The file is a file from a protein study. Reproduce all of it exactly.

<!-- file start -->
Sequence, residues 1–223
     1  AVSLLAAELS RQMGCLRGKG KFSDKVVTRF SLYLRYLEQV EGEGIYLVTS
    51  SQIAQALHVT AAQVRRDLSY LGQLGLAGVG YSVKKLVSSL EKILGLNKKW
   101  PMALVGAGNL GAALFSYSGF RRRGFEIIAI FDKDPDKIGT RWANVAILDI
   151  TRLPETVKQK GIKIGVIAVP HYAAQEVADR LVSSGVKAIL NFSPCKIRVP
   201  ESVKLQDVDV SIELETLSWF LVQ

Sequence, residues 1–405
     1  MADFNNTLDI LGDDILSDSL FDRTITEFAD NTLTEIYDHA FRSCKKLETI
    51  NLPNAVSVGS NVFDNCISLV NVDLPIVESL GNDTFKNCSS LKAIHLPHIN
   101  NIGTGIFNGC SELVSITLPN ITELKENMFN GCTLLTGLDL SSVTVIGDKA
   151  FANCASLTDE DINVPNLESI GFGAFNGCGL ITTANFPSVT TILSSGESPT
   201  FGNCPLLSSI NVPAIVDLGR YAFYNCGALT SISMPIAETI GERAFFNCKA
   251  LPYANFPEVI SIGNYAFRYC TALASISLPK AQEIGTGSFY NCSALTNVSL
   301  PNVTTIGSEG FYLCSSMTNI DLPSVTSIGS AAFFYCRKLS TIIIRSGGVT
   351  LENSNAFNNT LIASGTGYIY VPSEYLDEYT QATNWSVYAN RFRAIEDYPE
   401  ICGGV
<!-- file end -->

Sequence, residues 1–223
     1  AVSLLAAELS RQMGCLRGKG KFSDKVVTRF SLYLRYLEQV EGEGIYLVTS
    51  SQIAQALHVT AAQVRRDLSY LGQLGLAGVG YSVKKLVSSL EKILGLNKKW
   101  PMALVGAGNL GAALFSYSGF RRRGFEIIAI FDKDPDKIGT RWANVAILDI
   151  TRLPETVKQK GIKIGVIAVP HYAAQEVADR LVSSGVKAIL NFSPCKIRVP
   201  ESVKLQDVDV SIELETLSWF LVQ

Sequence, residues 1–405
     1  MADFNNTLDI LGDDILSDSL FDRTITEFAD NTLTEIYDHA FRSCKKLETI
    51  NLPNAVSVGS NVFDNCISLV NVDLPIVESL GNDTFKNCSS LKAIHLPHIN
   101  NIGTGIFNGC SELVSITLPN ITELKENMFN GCTLLTGLDL SSVTVIGDKA
   151  FANCASLTDE DINVPNLESI GFGAFNGCGL ITTANFPSVT TILSSGESPT
   201  FGNCPLLSSI NVPAIVDLGR YAFYNCGALT SISMPIAETI GERAFFNCKA
   251  LPYANFPEVI SIGNYAFRYC TALASISLPK AQEIGTGSFY NCSALTNVSL
   301  PNVTTIGSEG FYLCSSMTNI DLPSVTSIGS AAFFYCRKLS TIIIRSGGVT
   351  LENSNAFNNT LIASGTGYIY VPSEYLDEYT QATNWSVYAN RFRAIEDYPE
   401  ICGGV